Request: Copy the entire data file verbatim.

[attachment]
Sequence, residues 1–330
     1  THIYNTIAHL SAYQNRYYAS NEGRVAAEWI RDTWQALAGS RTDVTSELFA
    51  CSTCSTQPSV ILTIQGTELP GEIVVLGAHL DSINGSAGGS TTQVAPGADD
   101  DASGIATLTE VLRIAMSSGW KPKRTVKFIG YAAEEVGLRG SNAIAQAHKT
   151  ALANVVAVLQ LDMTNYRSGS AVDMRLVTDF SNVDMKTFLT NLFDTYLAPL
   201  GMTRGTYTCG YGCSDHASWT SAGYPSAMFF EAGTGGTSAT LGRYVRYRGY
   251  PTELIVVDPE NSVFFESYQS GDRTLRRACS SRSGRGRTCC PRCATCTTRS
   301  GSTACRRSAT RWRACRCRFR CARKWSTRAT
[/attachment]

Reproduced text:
Sequence, residues 1–330
     1  THIYNTIAHL SAYQNRYYAS NEGRVAAEWI RDTWQALAGS RTDVTSELFA
    51  CSTCSTQPSV ILTIQGTELP GEIVVLGAHL DSINGSAGGS TTQVAPGADD
   101  DASGIATLTE VLRIAMSSGW KPKRTVKFIG YAAEEVGLRG SNAIAQAHKT
   151  ALANVVAVLQ LDMTNYRSGS AVDMRLVTDF SNVDMKTFLT NLFDTYLAPL
   201  GMTRGTYTCG YGCSDHASWT SAGYPSAMFF EAGTGGTSAT LGRYVRYRGY
   251  PTELIVVDPE NSVFFESYQS GDRTLRRACS SRSGRGRTCC PRCATCTTRS
   301  GSTACRRSAT RWRACRCRFR CARKWSTRAT